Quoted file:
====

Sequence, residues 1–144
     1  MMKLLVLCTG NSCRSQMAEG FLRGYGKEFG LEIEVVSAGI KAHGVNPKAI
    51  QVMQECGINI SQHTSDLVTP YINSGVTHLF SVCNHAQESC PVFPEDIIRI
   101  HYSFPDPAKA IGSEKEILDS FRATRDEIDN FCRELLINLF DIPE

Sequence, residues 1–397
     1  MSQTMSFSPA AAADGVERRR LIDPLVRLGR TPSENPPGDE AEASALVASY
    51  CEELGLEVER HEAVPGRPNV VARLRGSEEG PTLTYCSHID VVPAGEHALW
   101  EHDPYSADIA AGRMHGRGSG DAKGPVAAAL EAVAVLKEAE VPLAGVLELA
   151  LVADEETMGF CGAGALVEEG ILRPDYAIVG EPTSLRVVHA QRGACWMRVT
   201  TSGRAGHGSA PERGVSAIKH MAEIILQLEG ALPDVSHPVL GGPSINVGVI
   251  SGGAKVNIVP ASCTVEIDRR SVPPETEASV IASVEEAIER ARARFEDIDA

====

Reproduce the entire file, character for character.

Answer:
Sequence, residues 1–144
     1  MMKLLVLCTG NSCRSQMAEG FLRGYGKEFG LEIEVVSAGI KAHGVNPKAI
    51  QVMQECGINI SQHTSDLVTP YINSGVTHLF SVCNHAQESC PVFPEDIIRI
   101  HYSFPDPAKA IGSEKEILDS FRATRDEIDN FCRELLINLF DIPE

Sequence, residues 1–397
     1  MSQTMSFSPA AAADGVERRR LIDPLVRLGR TPSENPPGDE AEASALVASY
    51  CEELGLEVER HEAVPGRPNV VARLRGSEEG PTLTYCSHID VVPAGEHALW
   101  EHDPYSADIA AGRMHGRGSG DAKGPVAAAL EAVAVLKEAE VPLAGVLELA
   151  LVADEETMGF CGAGALVEEG ILRPDYAIVG EPTSLRVVHA QRGACWMRVT
   201  TSGRAGHGSA PERGVSAIKH MAEIILQLEG ALPDVSHPVL GGPSINVGVI
   251  SGGAKVNIVP ASCTVEIDRR SVPPETEASV IASVEEAIER ARARFEDIDA